Recent Advocate Article

Days at the Pulp brought to life
By  KIRSTY BENNETT Aug. 9, 2012, 10:41 a.m.
STORIES FROM THE SHOP FLOOR: Pete Hay, author of the book, Last Days of the Mill, to be launched tomorrow. Picture: Grant Wells.
FOR 60 years, Burnie and its pulp mill were joined at the hip.

That's according to The Last Days of the Mill author and former Wynyard resident Pete Hay.

Mr Hay will launch his new publication at 3pm tomorrow at the Burnie Regional Art Gallery.

Since the mill's closure in 2010, Mr Hay has interviewed numerous employees about their time on the shop floor.

The book provides a rich illustration of the long- running institution and the reader feels as though they are a part of the "Pulp family" through the insanely funny stories of the men and women who spent the better part of their lives at the Burnie Pulp Mill.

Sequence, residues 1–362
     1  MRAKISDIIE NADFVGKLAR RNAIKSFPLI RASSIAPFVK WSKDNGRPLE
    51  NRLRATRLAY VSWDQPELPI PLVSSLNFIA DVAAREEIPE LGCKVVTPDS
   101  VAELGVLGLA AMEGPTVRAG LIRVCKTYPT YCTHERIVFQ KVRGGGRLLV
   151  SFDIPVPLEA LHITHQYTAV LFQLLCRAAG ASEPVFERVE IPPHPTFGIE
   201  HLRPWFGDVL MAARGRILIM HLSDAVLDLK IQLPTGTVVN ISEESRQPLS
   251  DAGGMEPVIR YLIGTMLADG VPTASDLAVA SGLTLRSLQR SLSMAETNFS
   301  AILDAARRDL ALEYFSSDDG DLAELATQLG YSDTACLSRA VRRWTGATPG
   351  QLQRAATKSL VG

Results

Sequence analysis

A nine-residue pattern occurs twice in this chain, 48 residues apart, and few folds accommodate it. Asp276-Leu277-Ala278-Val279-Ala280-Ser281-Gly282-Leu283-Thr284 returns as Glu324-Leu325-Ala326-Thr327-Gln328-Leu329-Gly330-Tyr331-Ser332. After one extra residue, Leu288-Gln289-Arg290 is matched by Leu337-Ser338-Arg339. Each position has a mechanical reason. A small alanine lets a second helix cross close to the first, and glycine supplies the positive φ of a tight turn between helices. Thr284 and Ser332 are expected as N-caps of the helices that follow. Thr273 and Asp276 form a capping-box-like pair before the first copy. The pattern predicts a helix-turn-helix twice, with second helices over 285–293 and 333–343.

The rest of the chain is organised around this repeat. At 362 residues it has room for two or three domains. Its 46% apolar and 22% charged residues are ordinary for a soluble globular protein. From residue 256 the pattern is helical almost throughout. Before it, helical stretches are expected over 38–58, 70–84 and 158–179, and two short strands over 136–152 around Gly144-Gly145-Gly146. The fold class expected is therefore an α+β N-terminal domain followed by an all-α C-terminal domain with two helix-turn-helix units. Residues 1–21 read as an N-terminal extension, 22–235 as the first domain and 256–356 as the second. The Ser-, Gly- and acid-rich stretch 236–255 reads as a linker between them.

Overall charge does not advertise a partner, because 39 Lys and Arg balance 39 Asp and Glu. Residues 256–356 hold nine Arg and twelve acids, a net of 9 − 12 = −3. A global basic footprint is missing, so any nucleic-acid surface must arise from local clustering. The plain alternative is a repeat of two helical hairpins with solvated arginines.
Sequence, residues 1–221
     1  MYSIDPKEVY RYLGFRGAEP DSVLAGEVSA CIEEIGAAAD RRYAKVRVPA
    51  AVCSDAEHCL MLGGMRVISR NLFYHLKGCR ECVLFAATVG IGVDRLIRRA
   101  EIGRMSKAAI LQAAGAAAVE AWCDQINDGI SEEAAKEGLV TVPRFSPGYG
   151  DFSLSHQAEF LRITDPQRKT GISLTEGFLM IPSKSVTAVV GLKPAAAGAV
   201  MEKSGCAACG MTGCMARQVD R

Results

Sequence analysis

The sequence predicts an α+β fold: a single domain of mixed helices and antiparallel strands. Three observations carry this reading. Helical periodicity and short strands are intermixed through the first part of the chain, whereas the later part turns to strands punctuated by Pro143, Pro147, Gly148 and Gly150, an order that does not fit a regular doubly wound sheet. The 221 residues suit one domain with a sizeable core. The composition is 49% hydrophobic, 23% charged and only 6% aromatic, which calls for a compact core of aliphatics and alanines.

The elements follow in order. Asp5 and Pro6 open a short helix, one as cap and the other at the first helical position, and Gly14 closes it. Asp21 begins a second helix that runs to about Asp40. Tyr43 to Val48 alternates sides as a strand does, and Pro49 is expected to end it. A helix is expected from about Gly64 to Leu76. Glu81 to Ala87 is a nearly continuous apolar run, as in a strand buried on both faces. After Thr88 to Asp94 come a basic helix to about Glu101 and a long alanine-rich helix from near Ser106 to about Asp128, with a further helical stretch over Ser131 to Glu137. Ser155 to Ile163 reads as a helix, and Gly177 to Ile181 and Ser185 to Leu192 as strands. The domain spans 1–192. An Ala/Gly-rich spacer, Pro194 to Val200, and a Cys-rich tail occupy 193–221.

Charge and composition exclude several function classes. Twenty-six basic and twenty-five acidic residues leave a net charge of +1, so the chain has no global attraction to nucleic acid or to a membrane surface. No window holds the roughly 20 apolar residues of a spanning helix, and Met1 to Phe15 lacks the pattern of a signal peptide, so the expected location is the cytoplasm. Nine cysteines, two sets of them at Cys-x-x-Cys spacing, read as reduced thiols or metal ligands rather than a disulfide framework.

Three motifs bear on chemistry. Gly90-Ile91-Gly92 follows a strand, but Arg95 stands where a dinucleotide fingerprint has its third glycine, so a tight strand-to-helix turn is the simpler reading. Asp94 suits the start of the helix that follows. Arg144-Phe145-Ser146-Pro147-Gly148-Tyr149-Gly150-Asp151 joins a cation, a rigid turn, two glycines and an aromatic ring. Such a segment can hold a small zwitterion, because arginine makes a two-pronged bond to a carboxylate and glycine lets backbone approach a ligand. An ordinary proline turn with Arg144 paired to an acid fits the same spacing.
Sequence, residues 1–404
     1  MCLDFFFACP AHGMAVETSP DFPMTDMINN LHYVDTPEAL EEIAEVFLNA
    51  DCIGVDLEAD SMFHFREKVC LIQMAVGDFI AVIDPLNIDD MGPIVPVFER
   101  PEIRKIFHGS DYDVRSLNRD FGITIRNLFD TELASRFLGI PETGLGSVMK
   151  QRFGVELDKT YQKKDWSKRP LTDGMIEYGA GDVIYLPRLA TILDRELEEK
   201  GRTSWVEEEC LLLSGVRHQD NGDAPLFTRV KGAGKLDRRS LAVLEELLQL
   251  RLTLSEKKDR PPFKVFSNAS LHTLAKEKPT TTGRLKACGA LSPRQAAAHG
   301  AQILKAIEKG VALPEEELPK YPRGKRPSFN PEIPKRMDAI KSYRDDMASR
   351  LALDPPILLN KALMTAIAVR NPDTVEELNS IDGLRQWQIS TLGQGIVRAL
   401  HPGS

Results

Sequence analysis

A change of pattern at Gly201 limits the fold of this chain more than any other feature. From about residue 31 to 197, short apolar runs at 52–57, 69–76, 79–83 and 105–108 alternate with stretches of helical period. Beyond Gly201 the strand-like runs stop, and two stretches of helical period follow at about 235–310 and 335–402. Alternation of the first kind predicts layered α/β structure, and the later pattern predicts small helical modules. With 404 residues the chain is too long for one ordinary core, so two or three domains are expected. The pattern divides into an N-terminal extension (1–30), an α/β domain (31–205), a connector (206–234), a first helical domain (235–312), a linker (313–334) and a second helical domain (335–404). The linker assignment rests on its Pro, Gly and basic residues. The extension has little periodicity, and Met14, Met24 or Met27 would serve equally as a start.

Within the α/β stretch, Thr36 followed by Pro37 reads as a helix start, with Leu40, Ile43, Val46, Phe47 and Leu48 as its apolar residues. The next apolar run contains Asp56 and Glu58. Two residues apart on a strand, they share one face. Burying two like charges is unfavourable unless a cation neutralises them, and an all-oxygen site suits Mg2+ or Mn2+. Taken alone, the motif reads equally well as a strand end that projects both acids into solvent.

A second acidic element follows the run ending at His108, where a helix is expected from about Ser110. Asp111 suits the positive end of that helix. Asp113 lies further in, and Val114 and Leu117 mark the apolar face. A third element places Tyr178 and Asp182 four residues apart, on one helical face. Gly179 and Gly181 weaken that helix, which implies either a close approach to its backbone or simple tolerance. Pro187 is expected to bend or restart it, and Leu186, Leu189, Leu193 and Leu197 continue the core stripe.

Mr Hay relays a trove of dramatic, tragic and comical stories throughout the publication, insisting his interviewees were "natural- born poets".

"I was always surprised at how brilliantly they used language. Their stories were always told through a spontaneous use of extraordinary imagery," he said.

The stories of the shop floor are also brought to life by highly acclaimed animation artist Tony Thorne, who entered the mill on its final day of operation with a sketchpad and camera in tow.

Together they recreate the mill's history, from the dramatic strikes in 1992 until its closure.

Mr Hay encourages anyone with a love of Burnie's history or the pulp mill to come along to the launch.

"It would be nice if the whole of Burnie turns up," he said.

"The mill constructed everyone's lives, whether they realise it or not."

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